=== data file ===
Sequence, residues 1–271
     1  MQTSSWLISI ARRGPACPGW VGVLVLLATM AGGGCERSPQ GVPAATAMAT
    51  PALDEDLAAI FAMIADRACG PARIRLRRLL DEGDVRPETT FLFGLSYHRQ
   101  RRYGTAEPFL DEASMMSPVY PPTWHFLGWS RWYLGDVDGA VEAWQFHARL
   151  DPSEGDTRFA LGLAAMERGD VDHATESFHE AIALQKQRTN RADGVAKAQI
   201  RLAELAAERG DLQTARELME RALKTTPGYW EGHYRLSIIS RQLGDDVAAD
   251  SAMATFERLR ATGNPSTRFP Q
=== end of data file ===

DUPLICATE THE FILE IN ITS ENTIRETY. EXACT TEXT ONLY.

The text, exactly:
Sequence, residues 1–271
     1  MQTSSWLISI ARRGPACPGW VGVLVLLATM AGGGCERSPQ GVPAATAMAT
    51  PALDEDLAAI FAMIADRACG PARIRLRRLL DEGDVRPETT FLFGLSYHRQ
   101  RRYGTAEPFL DEASMMSPVY PPTWHFLGWS RWYLGDVDGA VEAWQFHARL
   151  DPSEGDTRFA LGLAAMERGD VDHATESFHE AIALQKQRTN RADGVAKAQI
   201  RLAELAAERG DLQTARELME RALKTTPGYW EGHYRLSIIS RQLGDDVAAD
   251  SAMATFERLR ATGNPSTRFP Q